Apr 24, 2023

Webb telescope captures galaxy 20 million light

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The James Webb Space Telescope set its sights on a galaxy 20 million light-years away, capturing a dazzling star-forming galaxy in images streaked with the signature of passing asteroids.

A bright band in the upper left corner of the images shows the bright, bar-shaped center of the galaxy, according to a NASA news release.

The NGC 5068 galaxy is a barred spiral galaxy, the same type as our home Milky Way. And the celestial body lies within the Virgo constellation, which is home to an enormous cluster of galaxies.

These new snapshots of NGC 5068 add to a growing repository of data on areas of the observable universe where stars are born. Captured by a variety of instruments from a range of faraway galaxies, these star-forming regions are particularly intriguing to astronomers.

There are two reasons why, according to NASA. One is that studying areas where stars are formed advances astronomers’ understanding of fundamental aspects of the universe — helping to unlock the mysteries surrounding how galaxies form.

"By observing the formation of stars in nearby galaxies, astronomers hope to kick-start major scientific advances with some of the first available data from Webb," according to NASA.

The other reason these snapshots pique scientists’ interest is that they build on an existing trove of data collected by instruments, including the Hubble Space Telescope and the ground-based European Southern Observatory's Very Large Telescope in Chile.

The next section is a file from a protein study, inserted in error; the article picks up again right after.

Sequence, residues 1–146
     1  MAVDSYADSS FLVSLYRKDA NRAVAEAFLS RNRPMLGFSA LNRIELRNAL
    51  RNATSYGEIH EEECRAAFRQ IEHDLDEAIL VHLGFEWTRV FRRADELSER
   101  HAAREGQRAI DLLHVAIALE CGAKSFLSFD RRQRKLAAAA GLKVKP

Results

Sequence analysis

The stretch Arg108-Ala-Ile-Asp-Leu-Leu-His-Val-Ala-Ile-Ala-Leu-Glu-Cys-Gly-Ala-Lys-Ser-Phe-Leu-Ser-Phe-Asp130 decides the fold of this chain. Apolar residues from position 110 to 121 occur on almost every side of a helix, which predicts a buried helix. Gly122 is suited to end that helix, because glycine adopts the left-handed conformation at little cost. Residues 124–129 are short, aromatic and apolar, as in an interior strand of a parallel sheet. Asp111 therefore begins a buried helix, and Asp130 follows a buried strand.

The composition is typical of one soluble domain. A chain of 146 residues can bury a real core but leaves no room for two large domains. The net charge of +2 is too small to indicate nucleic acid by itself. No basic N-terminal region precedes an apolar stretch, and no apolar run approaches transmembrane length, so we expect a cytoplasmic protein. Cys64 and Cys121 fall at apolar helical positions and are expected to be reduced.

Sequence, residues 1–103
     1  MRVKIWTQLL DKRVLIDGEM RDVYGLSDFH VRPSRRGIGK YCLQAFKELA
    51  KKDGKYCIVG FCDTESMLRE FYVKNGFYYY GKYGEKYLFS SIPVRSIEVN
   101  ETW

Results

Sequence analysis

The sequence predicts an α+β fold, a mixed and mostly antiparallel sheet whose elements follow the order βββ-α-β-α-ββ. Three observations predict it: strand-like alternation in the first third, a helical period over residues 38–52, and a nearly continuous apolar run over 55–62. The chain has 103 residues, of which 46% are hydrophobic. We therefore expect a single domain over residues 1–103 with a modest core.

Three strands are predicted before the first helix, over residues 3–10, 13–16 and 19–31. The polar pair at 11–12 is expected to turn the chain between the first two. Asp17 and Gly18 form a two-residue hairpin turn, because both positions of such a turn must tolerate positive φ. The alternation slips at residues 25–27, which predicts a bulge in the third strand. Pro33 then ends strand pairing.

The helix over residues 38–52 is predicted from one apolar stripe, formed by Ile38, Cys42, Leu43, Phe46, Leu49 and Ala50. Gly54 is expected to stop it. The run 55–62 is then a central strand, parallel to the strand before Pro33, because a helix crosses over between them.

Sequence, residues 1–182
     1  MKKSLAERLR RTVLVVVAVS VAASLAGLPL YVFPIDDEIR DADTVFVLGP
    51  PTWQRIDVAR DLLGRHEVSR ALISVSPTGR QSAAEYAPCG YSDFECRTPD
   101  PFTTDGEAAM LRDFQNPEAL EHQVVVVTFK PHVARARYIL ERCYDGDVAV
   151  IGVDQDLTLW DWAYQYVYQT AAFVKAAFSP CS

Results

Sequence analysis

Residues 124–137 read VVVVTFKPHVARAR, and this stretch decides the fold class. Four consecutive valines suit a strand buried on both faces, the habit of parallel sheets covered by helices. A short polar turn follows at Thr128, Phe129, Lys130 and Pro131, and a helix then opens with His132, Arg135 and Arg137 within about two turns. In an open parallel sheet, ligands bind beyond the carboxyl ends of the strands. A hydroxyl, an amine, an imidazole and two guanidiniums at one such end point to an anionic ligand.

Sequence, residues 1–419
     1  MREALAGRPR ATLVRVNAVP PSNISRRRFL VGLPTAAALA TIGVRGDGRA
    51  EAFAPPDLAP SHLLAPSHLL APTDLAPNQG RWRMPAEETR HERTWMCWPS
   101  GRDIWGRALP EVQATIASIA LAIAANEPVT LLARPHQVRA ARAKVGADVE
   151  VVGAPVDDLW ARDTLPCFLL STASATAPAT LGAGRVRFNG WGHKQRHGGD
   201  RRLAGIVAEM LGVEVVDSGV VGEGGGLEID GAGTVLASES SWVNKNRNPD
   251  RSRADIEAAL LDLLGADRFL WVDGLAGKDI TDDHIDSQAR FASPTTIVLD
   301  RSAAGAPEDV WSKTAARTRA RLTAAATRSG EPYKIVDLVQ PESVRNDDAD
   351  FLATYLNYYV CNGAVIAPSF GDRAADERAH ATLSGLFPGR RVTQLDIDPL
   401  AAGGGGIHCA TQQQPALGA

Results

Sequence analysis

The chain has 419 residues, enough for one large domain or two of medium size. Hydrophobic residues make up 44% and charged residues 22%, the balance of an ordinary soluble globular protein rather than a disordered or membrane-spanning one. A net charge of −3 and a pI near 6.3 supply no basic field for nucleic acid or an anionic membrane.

Piecing together all that data can "give astronomers an unprecedented opportunity to piece together the minutiae of star formation," according to NASA, and brings scientists closer to new discoveries.

Other data in that catalog include images of the Phantom Galaxy M74 and another dazzling spiral galaxy called IC 5332.

Webb collected two new images of the NGC 5068 galaxy that were released June 2 — one captured by the telescope's Near-Infrared Camera, or NIRCam, and the other by the Mid-Infrared Instrument, or MIRI.

The MIRI image most clearly shows the "dusty structure" of NGC 5068 and the orbs of gas that contain clusters of new stars, according to NASA. In this image, three asteroid trails are also easily discernible.

The trails appear as mere dots, with one lying directly below the bar-shaped center of NGC 5068 and two more in the bottom-left corner, according to the space agency.

MIRI is the only Webb instrument that is sensitive to light in mid-infrared wavelengths, a type of wavelength that can only be observed by telescopes outside of Earth's atmosphere. (Infrared is the term scientists use to refer to light that has wavelengths longer than humans can detect with the naked eye.)

The other image captured by NIRCam shows the ghostly gas clouds from the MIRI image illuminated in bright red. The spectrum that the NIRCam instrument uses can see past obstructive elements such as gas and dust to clearly image the galaxy's stars, according to NASA.

"Dense and bright clouds of dust lie along the path of the spiral arms: These are H II regions, collections of hydrogen gas where new stars are forming," the space agency said in a news release. "The young, energetic stars ionize the hydrogen around them, creating this glow represented in red."

The Webb telescope is operated by NASA, the European Space Agency and the Canadian Space Agency. The $10 billion space observatory, launched last December, has enough fuel to keep taking fantastic images for about 20 years.

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